Skip to main content

West Jordan Journal

Planning your city: West Jordan Planning Commission

Sep 09, 2019 01:22PM ● By Erin Dixon

The details of land-use are discussed and confirmed by the Planning Commission, from particular trees to ensuring construction plans are appropriate for the zone. (Image/Pixabay)

By Erin Dixon | [email protected]

Who is responsible for the use of the land in your city?

In many cases, it’s the Planning Commission.

This commission is made of a group of volunteers, each receiving a mere $50 for each meeting they participate in.

The West Jordan Planning Commission has seven members: Matt Quinney, Jay Thomas, Trish Hatch, Kelvin Green, Nichole Luthi, Corbin England and Bob Bedont. Some of the city planning staff also attend.

How does an individual get on the commission?

“The only planning commission qualification is that they are a resident of the city,” City Planner Larry Gardner said.

Interested individuals need only apply to the city. 

“When there is a vacancy, or near the end of the term of appointment, the administration office puts out an announcement and asks for interested residents to apply by submitting a resume and letter,” said Julie Davis, executive assistant for Development Services. 

Currently, the members are appointed by the City Council, but in January, the process will change to involve primarily the strong mayor, who can ask for the council’s opinion.  

There are many different types of land-use applications, but for the planning commission projects typically include adoptions to the General Plan, zoning ordinances and reviewing development proposals. It then gives its recommendations to the City Council for their review and approval.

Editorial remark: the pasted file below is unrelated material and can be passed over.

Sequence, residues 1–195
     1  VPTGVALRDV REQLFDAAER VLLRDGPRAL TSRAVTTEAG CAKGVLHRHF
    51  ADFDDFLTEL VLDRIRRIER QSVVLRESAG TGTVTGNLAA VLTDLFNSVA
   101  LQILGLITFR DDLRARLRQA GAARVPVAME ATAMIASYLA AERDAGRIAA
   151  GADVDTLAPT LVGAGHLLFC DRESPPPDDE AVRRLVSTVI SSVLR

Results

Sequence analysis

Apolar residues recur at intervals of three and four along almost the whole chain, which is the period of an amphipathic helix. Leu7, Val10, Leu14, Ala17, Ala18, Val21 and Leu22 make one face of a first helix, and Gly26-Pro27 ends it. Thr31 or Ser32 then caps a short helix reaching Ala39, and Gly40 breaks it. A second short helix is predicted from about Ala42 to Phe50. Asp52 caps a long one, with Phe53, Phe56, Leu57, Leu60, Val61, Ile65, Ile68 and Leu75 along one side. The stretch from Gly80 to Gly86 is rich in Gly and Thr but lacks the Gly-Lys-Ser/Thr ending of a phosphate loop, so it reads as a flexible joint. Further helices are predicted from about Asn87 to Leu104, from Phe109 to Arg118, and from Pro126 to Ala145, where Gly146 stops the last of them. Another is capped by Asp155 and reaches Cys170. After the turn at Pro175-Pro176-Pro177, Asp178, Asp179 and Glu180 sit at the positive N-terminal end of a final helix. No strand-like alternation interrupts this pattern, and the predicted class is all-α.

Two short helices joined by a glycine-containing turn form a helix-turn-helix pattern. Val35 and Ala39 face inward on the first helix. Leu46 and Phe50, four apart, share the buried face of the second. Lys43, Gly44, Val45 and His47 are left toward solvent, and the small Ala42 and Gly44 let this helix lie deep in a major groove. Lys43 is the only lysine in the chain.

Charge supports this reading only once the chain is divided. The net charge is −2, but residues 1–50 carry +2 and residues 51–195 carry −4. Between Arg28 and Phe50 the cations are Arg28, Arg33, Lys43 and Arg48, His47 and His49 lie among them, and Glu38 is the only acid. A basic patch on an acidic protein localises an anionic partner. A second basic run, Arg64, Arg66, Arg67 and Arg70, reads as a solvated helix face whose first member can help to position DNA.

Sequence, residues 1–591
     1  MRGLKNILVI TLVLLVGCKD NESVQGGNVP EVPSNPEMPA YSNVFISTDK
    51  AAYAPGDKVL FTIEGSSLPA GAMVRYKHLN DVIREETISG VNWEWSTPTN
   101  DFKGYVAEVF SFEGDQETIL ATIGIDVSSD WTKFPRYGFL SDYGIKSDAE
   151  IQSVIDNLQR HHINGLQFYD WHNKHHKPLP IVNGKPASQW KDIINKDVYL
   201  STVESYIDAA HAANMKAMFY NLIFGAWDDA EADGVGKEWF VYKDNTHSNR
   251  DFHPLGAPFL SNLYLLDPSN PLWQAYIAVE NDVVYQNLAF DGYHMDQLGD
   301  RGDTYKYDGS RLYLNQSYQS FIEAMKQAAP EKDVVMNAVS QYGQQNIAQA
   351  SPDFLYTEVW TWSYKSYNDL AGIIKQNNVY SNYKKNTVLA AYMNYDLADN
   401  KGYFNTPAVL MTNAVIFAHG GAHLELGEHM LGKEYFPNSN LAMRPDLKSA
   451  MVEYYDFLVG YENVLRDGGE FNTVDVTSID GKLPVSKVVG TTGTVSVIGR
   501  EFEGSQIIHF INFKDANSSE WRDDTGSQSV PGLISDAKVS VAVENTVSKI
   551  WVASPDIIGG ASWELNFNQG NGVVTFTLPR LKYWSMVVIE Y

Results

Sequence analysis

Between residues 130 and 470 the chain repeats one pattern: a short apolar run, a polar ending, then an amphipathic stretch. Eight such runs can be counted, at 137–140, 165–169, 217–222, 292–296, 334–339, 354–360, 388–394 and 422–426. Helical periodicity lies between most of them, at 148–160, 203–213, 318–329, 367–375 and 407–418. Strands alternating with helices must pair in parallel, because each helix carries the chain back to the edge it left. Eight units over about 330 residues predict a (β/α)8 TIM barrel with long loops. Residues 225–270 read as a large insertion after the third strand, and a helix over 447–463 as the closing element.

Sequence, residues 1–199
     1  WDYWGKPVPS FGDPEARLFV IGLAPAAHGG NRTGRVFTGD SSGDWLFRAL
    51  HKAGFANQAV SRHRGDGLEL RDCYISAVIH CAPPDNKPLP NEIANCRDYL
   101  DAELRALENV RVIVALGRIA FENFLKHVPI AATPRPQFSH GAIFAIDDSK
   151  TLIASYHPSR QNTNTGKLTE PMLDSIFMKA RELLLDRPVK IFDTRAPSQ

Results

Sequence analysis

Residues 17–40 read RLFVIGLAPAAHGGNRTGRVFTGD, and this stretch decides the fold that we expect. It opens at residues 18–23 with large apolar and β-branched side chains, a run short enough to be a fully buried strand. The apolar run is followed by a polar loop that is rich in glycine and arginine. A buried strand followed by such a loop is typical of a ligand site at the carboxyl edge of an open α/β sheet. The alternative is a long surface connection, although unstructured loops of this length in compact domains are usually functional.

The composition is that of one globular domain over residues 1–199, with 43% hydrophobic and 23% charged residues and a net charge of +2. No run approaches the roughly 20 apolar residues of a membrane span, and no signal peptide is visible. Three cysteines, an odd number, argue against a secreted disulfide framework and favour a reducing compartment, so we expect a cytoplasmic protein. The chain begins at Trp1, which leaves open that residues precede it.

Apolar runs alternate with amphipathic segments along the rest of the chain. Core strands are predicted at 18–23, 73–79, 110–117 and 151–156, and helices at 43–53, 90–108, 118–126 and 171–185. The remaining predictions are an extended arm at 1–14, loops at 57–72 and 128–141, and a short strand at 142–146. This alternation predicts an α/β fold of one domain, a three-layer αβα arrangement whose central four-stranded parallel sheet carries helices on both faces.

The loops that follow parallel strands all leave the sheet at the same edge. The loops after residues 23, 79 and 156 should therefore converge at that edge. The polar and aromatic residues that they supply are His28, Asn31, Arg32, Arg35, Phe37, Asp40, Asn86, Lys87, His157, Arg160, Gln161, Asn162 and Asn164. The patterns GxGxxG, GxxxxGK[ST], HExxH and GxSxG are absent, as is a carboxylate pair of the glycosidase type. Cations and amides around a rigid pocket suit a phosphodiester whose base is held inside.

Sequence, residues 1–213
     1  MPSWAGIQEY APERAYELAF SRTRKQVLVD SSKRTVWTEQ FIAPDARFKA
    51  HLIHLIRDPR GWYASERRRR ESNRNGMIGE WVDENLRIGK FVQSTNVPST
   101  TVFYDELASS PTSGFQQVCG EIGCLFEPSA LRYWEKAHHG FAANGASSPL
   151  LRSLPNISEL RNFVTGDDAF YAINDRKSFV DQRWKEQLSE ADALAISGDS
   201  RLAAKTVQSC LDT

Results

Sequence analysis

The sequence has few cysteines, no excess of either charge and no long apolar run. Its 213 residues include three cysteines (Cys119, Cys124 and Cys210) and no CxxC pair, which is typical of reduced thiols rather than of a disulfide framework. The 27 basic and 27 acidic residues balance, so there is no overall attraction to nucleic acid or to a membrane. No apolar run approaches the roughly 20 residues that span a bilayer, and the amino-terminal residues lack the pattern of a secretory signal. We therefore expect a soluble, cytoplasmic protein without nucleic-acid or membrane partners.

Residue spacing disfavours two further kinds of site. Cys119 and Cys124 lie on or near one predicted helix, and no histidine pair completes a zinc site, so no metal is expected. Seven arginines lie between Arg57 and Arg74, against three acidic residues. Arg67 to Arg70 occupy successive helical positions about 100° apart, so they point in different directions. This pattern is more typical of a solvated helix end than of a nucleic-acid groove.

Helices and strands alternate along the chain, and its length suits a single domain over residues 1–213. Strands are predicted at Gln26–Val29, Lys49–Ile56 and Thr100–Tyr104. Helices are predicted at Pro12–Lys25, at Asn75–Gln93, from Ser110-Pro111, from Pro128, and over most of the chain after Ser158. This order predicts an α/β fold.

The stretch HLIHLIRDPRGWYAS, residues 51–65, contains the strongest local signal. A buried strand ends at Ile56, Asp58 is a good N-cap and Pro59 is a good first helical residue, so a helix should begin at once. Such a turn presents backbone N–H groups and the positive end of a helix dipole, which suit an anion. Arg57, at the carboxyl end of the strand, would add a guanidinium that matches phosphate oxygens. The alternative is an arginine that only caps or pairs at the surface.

However, the planning commission is not the final decision maker. Gardner explained the commission only has so much leeway in their decision making. 

“The planning commission is an administrative body, and all decisions are based upon compliance with city ordinance and Utah law,” Gardner said. “The planning commission has no discretion to go outside of adopted code and law.” 

On July 16, 2018, the commission reviewed a proposal by someone who wanted to change the zoning of their property, 2973–3055 West Haun Drive, from very low density to low density. This would allow for five houses rather than four. 

There was a public hearing that included comments from several neighbors to the property.

The commission members asked the city planners about the codes for the area and discussed how the change would affect the neighbors, traffic and the future of the adjacent road. 

After lengthy discussion and consideration of the public comments, the change was approved and then sent to the City Council for their review and approval.